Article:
Things get even more complicated with query since what an identifier
   + query resolves to may not have anything to do with the original
   resource.  For instance, URN based in ISBN + query may resolve to the
   metadata record describing the book.  These records have their own
   identifiers which are not based on ISBNs.

   [[Note in draft: Most of the discussion above may belong in 2141bis
   rather than here.]]

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   9.  For many organizations, persistence means decades or centuries.
       Anything that is protocol dependent will eventually fail.  URLs
       do not change by themselves, but in the long run it is very
       difficult for people to not change them or the objects to which
       they point.

   The mention of centuries is intentional.  Content industries, memory
   organizations (such as national and repository libraries and national
   archives) and universities and other research organizations, need
   identifiers that will persist for hundreds of years.  Such
   identifiers might even need to outlast the institutions themselves,
   and definitely should be usable even if current technologies such as
   the Web and the Internet cease to exist or are supplanted by
   something new (as unlikely as that might seem today).

   In addition, operations on, or additional specifications about, names
   and the associated objects must be possible, as stable as the names
   themselves, and reasonably efficient.  For example, if a URN were
   assigned to an encyclopedia that consisted of many volumes, it should
   be feasible to identify (and locate and retrieve if that were
   desired) a particular volume or even a particular article without
   accessing or retrieving the entire set.

3.  Changes to RFC 3986

   This specification removes URNs from the scope of RFC 3896.  It makes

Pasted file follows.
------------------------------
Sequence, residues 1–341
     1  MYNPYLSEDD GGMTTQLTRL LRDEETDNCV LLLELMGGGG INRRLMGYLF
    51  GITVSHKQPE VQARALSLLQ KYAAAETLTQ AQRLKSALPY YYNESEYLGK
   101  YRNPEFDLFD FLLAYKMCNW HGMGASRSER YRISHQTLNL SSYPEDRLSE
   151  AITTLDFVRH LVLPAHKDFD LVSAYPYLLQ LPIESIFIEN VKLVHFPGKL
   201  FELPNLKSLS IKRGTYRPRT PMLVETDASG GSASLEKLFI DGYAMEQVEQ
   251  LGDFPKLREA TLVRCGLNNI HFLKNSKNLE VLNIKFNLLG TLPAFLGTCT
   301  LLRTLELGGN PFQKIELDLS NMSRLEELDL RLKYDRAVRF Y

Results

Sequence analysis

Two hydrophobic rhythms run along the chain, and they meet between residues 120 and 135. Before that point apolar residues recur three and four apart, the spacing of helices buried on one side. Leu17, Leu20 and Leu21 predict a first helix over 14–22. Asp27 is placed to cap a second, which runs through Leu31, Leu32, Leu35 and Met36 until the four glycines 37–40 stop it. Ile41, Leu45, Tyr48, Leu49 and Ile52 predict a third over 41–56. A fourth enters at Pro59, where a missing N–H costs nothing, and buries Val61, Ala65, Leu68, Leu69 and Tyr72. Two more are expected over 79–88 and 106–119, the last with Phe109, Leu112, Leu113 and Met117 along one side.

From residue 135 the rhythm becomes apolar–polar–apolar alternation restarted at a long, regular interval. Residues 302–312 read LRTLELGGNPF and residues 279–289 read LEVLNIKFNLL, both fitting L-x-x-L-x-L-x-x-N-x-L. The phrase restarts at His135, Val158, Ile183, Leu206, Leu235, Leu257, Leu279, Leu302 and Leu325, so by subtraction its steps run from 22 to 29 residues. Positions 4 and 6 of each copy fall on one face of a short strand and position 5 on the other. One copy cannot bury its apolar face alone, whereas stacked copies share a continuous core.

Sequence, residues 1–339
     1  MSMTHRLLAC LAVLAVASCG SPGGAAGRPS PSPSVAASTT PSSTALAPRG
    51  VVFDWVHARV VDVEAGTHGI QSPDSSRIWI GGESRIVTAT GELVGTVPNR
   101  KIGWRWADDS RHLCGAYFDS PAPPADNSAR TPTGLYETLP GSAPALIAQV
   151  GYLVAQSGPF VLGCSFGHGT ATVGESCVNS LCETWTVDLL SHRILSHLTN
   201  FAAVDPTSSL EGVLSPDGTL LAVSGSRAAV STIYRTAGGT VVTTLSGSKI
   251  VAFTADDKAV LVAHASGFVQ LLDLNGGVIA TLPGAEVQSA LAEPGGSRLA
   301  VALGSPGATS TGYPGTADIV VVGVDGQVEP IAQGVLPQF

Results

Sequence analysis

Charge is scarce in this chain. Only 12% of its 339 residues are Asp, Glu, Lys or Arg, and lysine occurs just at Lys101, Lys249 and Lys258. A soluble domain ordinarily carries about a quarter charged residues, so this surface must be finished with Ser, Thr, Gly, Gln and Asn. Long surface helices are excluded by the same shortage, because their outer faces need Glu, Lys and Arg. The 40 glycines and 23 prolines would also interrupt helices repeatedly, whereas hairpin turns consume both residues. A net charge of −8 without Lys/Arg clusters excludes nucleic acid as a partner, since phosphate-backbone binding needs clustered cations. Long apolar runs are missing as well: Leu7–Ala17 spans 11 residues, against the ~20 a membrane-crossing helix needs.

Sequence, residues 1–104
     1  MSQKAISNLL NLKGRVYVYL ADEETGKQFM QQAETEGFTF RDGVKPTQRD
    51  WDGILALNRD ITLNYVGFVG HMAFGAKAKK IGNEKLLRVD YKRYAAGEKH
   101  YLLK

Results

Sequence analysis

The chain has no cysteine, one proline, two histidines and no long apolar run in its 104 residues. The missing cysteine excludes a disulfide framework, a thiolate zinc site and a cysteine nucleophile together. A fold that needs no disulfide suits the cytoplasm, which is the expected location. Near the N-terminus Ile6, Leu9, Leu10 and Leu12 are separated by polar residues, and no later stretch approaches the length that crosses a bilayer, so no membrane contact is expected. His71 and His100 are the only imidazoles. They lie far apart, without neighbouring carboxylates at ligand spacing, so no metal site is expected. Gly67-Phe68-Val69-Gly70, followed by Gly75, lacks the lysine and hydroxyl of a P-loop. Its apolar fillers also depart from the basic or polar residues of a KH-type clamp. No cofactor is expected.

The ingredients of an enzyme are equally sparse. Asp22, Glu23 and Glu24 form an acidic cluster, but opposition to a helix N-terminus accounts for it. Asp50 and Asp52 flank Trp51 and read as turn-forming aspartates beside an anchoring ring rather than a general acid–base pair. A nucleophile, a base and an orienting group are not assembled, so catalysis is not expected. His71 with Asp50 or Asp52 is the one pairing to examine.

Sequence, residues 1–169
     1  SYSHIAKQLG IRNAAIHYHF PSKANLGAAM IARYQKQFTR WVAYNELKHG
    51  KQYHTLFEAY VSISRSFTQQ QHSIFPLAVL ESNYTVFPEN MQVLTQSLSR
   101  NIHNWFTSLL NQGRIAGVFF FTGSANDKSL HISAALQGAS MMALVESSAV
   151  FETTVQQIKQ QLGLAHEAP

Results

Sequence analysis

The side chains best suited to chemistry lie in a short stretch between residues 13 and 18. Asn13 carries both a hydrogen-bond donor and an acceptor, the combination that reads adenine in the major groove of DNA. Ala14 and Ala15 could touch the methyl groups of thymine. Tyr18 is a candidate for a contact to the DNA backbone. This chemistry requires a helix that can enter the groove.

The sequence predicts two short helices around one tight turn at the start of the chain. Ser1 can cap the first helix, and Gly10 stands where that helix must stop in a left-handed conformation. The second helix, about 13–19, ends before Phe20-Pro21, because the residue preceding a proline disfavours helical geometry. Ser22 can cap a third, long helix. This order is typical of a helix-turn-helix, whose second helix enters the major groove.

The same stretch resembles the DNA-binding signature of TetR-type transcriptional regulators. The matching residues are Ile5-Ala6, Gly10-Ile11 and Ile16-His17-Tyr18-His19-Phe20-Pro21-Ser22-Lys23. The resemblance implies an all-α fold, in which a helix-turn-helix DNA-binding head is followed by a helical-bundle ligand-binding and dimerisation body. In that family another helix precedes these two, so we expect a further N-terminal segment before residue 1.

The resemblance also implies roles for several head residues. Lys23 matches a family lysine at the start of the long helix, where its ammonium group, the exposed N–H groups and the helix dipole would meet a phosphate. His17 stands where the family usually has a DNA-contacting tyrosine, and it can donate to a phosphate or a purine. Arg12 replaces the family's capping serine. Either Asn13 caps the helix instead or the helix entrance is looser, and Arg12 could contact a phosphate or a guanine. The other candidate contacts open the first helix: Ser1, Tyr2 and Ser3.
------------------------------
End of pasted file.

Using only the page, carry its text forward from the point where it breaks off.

no changes for URI types that remain within that scope.

4.  Other Required Actions

   The basic URN syntax specification [RFC2141] was published well
   before RFC 3986 and therefore does not depend on it.  Successors to
   that specification will need to fully spell out the syntax and
   semantics of URNs without generic or implicit reference to any URI

5.  Acknowledgments

   This specification was inspired by a search in the IETF URNBIS WG for
   other alternatives that would both satisfy the needs of persistent
   name-type identifiers and still fully conform to the specifications
   and intent of RFC 3986.  That search lasted several years and
   considered many alternatives.  Discussions with Leslie Daigle, Juha
   Hakala, Barry Leiba, Keith Moore, Andrew Newton, and Peter Saint-
   Andre during the last quarter of 2013 and the first quarter of 2014
   were particularly helpful in getting to the conclusion that a
   conceptual separation of notions of location-based identifiers (e.g.,
   URLs) and the types of persistent identifiers represented by URNs was
   necessary.  Peter Saint-Andre provided significant text in a pre-
   publication review.

6.  Contributors

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   Juha Hakala contributed most of the text of Section 2.

      Contact Information:
   Juha Hakala
   The National Library of Finland
   P.O. Box 15, Helsinki University
   Helsinki, MA FIN-00014
   Email: juha.hakala@helsinki.fi

7.  IANA Considerations

   [[RFC Editor: Please remove this section before publication.]]

   This memo is not believed to require any action on IANA's part.  In
   particular, we note that there are a collection of "Uniform Resource
   Identifier (URI) Schemes" that does not include URNs and a series of
   URN-specific registries that do not rely on the URI specificstions.

8.  Security Considerations

   All drafts are required to have a security considerations section.

9.  References

9.1.  Normative References

   [RFC2141]  Moats, R., "URN Syntax", RFC 2141, May 1997.

   [RFC3986]  Berners-Lee, T., Fielding, R. and L. Masinter, "Uniform
              Resource Identifier (URI): Generic Syntax", STD 66, RFC
              3986, January 2005.

9.2.  Informative References

              Mazahir, O., Thaler, D. and G. Montenegro, "Deterministic
              URI Encoding", February 2014, <http://www.ietf.org/id/

   [RFC1738]  Berners-Lee, T., Masinter, L. and M. McCahill, "Uniform
              Resource Locators (URL)", RFC 1738, December 1994.

              Saint-Andre, P., "Uniform Resource Name (URN) Syntax",
              January 2014, <https://datatracker.ietf.org/doc/draft-

Author's Address

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   John C Klensin
   1770 Massachusetts Ave, Ste 322
   Cambridge, MA 02140

   Phone: +1 617 245 1457
   Email: john-ietf@jck.com